Matthias Jackel – the “5-Premium-Speakers-Questions”

24. January 2019 – Melanie Hübner

Matthias Jackel gained business experience in various industries and markets by working as a software manager, IT manager, consultant and, finally, the European people development manager of a US consulting firm. Despite success in the business world, he felt that he was falling short as a person.

He jokes that he had literally turned from a human being to a “human doing.” He returned to music at the age of 35 and ended up making music with over 800,000 people in his own seven-figure business by 2017.

What are the core subjects of your keynote speeches?

Matthias Jackel:

My keynote speeches are telling the story of connectedness. They create a situation of music interaction to the audience where dealing with each other and achieving unexpected results happens naturally and perfectly without thinking. The speech helps getting the heads around that experience. What does connectedness mean to businesses and the people working in it? How should our leadership look like as facilitators of togetherness in human workplaces? How does our brain connect and how do you connect mindfully with other human beings? And, finally, how can you connect to yourself in order to deal smoothly with the challenges in a VUCA world. In a nutshell those are the main topics addressed: Understanding the human desire for fields of togetherness and personal development. Understanding the impact of these desires and the way we should shape workplaces and communities. Understanding how mindfulness, contemplative arts and a reasonable understanding of “spirituality” is vital to keep the spirit of our teams and companies high.

Which audience or which branch do you reach with your speech?

Matthias Jackel:

Since it is fundamentally about connectedness and how it is elementary for our human coexistence, my talk reaches companies of every kind as well as associations and global organizations of our society. A complete program of 45 minutes of musical interaction and subsequent reflection on the events makes even hardliners curious. Because what is going on so well in the room is both challenging the way we lead this world and showing ways to change.

Why are you a Premium Speaker? Where do you get your insights from?

Matthias Jackel:

There are two worlds combined in me. The experience of an engineer and successful manager in various industries and that of a musician prior and after my business career. But it’s not about the experience of a musician in performing arts. The core of all my insights comes from personally having led close to a million people in drumming events. That became the university of my life. It became a massive empirical study about togetherness while knowing what business usually demands.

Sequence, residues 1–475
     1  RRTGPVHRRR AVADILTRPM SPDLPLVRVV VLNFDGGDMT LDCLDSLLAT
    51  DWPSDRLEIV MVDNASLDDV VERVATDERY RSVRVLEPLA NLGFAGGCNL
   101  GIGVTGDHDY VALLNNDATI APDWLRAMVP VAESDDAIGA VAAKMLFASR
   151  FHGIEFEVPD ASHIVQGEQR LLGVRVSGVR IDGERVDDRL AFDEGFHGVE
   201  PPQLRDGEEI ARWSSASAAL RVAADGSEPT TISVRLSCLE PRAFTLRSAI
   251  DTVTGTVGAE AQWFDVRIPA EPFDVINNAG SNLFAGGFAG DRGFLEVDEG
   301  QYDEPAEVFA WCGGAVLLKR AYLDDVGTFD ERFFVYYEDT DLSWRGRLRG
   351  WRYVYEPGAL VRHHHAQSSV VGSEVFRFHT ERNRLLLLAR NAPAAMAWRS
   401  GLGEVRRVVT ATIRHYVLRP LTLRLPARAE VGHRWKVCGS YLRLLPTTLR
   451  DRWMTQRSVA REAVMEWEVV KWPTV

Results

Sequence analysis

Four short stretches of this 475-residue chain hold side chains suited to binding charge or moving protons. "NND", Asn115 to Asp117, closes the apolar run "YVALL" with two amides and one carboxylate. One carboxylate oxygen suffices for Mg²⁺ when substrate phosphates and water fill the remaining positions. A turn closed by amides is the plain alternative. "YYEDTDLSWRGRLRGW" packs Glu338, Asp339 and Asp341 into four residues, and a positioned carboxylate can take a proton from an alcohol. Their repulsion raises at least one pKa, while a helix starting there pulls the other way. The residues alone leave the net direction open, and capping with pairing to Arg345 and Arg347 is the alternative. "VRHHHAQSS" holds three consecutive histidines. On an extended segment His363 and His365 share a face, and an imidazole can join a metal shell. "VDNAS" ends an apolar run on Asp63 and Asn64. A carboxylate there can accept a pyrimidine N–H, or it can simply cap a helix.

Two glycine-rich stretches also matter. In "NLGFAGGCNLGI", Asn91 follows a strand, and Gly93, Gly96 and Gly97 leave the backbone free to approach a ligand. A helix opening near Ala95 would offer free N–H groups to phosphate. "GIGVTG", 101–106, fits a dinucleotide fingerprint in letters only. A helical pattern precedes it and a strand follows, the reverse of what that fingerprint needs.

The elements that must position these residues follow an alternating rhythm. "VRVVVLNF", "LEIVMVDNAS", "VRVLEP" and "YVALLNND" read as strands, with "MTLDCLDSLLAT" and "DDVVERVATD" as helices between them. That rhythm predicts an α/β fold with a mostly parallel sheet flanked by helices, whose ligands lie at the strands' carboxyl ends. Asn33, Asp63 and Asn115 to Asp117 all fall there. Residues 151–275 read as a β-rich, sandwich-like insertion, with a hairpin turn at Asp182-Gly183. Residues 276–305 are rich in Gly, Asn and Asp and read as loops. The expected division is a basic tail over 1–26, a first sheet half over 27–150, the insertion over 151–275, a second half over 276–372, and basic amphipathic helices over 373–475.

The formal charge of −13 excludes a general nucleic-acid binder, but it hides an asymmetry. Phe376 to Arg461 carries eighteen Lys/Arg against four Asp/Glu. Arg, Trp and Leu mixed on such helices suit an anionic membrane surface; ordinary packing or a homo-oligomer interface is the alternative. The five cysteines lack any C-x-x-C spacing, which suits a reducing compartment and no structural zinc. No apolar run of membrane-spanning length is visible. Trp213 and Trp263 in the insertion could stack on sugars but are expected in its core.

The audiences have ranged from kids to adults, from people working in the factory belt to clerks, from administrative staff to mid-level and top-level managers, from CEOs to country leaders, from people in jail to celebrities and from joyful people to those hit by massive disasters. I have worked with people across all industries and across many cultures, ethnicities and countries.
There was no difference between any of them because they were all seeking the same thing. Those people were looking to get into contact with each other; they were seeking kindness and love.
This is what I do. From entertainment events and keynotes to workshops and trainings, I facilitate a development process by applying an interactive music concept, sharing my experience and making some existing world wisdom for a better cooperation between human beings very tangible and relevant to the audience.

What will be in the future? Does 'time' play an important role in your work?

Matthias Jackel:

I often get asked about my views on the future of our workplaces. To me, it is rather simple. The future of our workplaces lies in humanity. Machines can’t be human. Otherwise, they wouldn’t be called machines, right? Digitalization will never get to the level of analogue beings or the analogue beings will no longer exist then. Automation is always somewhat mechanical and what is mechanical will not please anyone. Jobs that provide a human touch to the customer will remain. Hence the need to make human development our priority. We haven’t changed that much, biologically speaking, in the last 5,000-10,000 years. Our genes are pretty much the same as in those ancient days. All our development that counts has been of the cultural and ethical sort. But ethics is often mixed up with religion and therefore misinterpreted. And culture is the first thing we are willing to sacrifice if we have to tighten our budgets. We need each and every individual to connect and turn that around together. It is definitely the time for change to more togetherness and humanity at our workplaces and our societies.

What is your life motto? What would you like to give your listeners on the way?

"„The step to make music offers incredible potential. It’s an amazing way to see oneself and life.” (Matthias Jackel) “Connection comes before correction.” (Matthias Jackel) "

Matthias Jackel

Musician and Founder Drum Cafe Germany